Women and the importance of literacy; statistics: reading in the 19th century

In an interesting review of The Woman Reader by Belinda Jack, Joan Acocella (The New Yorker, October 15, 2012) “Turning the Page — How Women Became Readers,” shares these tidbits:

“In the history of women, there is probably no matter, apart from contraception, more important than literacy. With the advent of the Industrial Revolution, access to power required knowledge of the world. This could not be gained without reading and writing, skills that were granted to men long before they were to women. Deprived of them, women were condemned to stay home…. Compared with men, they led mediocre lives. Without [the introspection reading provided], women seemed stupid; therefore, they were considered unfit for education; therefore, they weren’t given an education; therefore they seemed stupid.”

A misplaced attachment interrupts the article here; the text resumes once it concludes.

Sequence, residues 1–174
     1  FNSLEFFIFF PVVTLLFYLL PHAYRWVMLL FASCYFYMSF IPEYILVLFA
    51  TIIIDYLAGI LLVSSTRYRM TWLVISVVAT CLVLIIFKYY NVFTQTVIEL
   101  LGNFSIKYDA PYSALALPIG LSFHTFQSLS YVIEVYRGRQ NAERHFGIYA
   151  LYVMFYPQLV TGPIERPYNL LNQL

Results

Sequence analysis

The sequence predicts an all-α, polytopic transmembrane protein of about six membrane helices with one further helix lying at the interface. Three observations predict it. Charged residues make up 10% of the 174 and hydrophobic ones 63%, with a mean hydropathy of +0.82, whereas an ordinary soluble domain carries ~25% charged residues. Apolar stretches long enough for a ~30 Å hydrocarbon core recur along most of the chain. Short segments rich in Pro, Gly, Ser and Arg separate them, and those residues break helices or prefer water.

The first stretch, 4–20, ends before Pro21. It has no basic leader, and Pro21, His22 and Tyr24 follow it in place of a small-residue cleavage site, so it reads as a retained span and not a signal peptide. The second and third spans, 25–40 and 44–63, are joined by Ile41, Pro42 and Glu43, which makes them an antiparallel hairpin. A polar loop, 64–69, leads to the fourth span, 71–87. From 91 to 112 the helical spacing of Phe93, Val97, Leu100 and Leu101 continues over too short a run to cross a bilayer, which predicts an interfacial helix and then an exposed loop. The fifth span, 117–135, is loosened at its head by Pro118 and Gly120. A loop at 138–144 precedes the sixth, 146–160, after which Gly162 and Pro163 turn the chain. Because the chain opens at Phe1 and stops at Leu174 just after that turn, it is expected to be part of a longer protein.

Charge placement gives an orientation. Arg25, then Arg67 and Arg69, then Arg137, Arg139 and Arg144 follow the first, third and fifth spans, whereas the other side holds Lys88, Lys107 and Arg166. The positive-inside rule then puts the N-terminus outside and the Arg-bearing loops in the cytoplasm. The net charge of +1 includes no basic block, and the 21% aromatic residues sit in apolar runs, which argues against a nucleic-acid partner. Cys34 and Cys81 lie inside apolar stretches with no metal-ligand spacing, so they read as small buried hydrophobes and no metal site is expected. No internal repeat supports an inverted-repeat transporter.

Because books kept getting cheaper, and commercial lending libraries began to flourish, along with the “increasing spread of compulsory education, about half the people living in Europe in the mid-nineteenth century could read, though with large differences between north and south, and Protestant and Catholic. The literacy rate for Sweden was about ninety per cent; for Scotland and Prussia, eighty per cent; for England and Wales, between sixty-five and seventy-five per cent; for France, sixty per cent; for Spain, twenty-five percent; for Italy, twenty per cent. In Russia, where the serfs were not freed until 1861, only five to ten percent of the population could read.”

“The nineteenth century has been called a golden age of reading.”



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